Speaker: Jerry Cisar | Series: The Word Became Flesh | Book: John

Speaker: Jerry Cisar

The Church exists for nothing else but to draw men into Christ….
If they are not doing that, all the cathedrals, clergy, missions, sermons,
even the Bible itself, are simply a waste of time.” – C. S. Lewis

John’s Gospel wastes no time before demonstrating that testifying to others, asking them to come and see Christ for themselves, is as natural to what the church is as breathing. The other gospels wait until the middle before disciples are sent into the mission field. Not John. It may help us to understand why John does this if we understand John’s purpose.

You’re probably familiar with doubting Thomas, the one who, after hearing about how Jesus appeared to the others, said, “Unless I see the nail marks and put my fingers where the nails were, I won’t believe” (John 20:25). Well a week later, Jesus shows up again.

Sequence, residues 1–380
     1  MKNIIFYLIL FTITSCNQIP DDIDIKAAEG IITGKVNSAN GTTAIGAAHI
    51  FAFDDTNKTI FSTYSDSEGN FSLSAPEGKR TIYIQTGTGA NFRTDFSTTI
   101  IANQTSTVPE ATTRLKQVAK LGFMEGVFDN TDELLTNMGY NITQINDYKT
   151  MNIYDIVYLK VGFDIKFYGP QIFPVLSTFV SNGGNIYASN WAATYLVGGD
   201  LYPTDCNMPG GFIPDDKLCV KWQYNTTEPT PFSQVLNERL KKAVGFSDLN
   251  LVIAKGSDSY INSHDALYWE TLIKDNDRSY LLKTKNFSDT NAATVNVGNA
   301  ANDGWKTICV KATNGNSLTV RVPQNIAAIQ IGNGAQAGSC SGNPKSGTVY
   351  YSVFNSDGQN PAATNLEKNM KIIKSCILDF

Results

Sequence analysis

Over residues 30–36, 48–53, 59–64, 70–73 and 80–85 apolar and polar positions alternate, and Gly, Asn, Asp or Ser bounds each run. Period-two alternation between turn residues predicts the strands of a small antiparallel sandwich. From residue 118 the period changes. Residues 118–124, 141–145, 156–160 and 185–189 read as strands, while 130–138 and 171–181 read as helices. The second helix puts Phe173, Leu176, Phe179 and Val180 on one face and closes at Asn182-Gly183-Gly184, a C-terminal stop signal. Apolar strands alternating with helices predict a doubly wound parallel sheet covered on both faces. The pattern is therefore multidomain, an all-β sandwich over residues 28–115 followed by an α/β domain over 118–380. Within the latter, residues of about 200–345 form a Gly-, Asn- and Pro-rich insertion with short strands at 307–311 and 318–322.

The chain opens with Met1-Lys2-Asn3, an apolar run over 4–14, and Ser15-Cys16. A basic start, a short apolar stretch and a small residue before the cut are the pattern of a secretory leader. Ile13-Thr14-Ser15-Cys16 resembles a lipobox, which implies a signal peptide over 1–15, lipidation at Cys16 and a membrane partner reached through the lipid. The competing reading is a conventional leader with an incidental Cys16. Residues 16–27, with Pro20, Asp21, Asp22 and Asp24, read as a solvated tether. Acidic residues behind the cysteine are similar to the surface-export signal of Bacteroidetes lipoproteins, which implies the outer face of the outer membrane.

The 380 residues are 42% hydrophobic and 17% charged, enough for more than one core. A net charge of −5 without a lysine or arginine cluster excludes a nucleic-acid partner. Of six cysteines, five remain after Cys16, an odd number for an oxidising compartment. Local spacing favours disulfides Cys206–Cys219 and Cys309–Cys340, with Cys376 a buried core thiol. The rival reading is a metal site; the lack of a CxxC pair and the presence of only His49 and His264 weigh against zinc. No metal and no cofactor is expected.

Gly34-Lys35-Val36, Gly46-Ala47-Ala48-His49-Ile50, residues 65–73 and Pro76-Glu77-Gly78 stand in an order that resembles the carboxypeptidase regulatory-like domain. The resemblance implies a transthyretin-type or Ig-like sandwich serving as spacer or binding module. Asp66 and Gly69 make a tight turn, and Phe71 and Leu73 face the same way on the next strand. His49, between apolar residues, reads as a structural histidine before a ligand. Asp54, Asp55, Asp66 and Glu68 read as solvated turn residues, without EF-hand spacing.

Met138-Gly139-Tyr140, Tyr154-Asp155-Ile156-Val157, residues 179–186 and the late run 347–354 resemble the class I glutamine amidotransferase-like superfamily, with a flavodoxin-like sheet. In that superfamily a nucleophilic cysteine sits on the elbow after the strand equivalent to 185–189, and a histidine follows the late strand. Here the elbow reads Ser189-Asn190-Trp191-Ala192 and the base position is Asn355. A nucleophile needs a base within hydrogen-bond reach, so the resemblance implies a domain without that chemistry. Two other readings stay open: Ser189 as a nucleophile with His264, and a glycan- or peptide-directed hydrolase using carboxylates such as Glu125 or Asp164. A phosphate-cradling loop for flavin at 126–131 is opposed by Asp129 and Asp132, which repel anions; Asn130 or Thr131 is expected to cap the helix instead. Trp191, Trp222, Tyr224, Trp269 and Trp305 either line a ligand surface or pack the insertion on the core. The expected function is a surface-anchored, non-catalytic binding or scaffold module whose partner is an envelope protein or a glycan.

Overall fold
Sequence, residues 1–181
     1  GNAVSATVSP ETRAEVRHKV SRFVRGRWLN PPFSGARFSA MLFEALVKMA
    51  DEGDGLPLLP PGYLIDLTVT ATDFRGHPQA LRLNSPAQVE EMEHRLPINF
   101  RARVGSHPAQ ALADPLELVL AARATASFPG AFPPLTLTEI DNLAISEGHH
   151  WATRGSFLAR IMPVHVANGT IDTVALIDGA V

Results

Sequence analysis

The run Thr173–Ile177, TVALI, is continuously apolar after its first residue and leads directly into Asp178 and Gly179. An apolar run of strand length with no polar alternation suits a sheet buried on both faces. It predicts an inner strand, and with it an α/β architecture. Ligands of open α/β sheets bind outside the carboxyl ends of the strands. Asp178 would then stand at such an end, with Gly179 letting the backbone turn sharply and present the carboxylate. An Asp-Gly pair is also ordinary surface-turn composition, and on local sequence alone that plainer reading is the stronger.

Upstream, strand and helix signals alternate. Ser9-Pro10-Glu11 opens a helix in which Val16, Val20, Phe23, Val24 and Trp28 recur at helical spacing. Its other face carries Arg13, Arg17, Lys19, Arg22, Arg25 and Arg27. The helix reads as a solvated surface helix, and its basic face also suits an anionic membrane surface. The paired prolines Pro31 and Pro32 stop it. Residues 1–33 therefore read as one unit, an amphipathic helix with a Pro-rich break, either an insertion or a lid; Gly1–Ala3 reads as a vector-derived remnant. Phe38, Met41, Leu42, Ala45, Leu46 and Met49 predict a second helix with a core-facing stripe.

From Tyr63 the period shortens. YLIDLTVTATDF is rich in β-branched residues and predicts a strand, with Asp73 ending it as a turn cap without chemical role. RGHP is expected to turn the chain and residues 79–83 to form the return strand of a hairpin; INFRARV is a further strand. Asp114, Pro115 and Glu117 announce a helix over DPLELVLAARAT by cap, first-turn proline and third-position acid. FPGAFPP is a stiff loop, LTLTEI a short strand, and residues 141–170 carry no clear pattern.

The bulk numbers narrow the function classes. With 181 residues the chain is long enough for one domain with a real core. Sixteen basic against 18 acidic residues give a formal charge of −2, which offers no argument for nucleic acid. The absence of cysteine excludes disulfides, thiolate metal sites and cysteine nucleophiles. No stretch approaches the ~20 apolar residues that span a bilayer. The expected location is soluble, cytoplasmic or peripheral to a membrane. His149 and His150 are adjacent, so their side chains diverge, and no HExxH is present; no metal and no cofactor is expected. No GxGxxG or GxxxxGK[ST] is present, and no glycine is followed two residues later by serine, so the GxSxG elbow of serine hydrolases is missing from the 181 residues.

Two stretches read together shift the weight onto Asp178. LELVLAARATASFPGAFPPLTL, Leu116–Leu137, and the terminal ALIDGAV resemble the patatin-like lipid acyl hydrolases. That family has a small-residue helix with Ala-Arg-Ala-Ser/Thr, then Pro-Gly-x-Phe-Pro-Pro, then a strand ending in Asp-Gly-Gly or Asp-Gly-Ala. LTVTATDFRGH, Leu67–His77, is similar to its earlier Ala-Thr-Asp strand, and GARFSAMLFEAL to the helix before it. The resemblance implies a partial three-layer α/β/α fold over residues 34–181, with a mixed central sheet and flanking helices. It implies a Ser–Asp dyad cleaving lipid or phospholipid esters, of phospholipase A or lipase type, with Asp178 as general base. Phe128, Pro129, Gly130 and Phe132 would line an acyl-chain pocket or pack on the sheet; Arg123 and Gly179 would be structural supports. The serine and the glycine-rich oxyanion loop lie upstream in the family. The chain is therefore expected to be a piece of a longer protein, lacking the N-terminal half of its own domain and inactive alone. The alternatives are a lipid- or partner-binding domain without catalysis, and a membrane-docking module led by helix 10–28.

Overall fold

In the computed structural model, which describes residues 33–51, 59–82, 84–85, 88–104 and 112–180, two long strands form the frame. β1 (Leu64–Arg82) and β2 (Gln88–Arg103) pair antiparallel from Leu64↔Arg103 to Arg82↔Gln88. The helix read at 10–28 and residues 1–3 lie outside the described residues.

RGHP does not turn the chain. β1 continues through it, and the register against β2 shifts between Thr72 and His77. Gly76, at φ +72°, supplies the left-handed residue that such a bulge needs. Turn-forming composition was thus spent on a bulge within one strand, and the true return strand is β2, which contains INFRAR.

Thomas said to him, “My Lord and my God!” Then Jesus told him, “Because you have seen me, you have believed; blessed are those who have not seen and yet have believed.” Jesus performed many other signs in the presence of his disciples, which are not recorded in this book. But these are written that you may believe that Jesus is the Messiah, the Son of God, and that by believing you may have life in his name. (John 20:28-31)

John’s intent is to provide people with enough truth about Jesus that they might see Him for themselves when they hear his Gospel. John also knows that all disciples must participate in some way in this spreading of the faith. So John begins this Gospel telling us how faith in Jesus spreads from one person to another through the very encounters that in all likelihood led him to faith (the early church believed that John was the unnamed disciple in the accounts we are studying this week).

Join us this Sunday as we explore 2 key ways that people come to faith in Jesus, and also learn from John how people can encounter Jesus for themselves as we explore John 1:35-51.

Handout: http://media.gccc.net/2017/01/20170108.pdf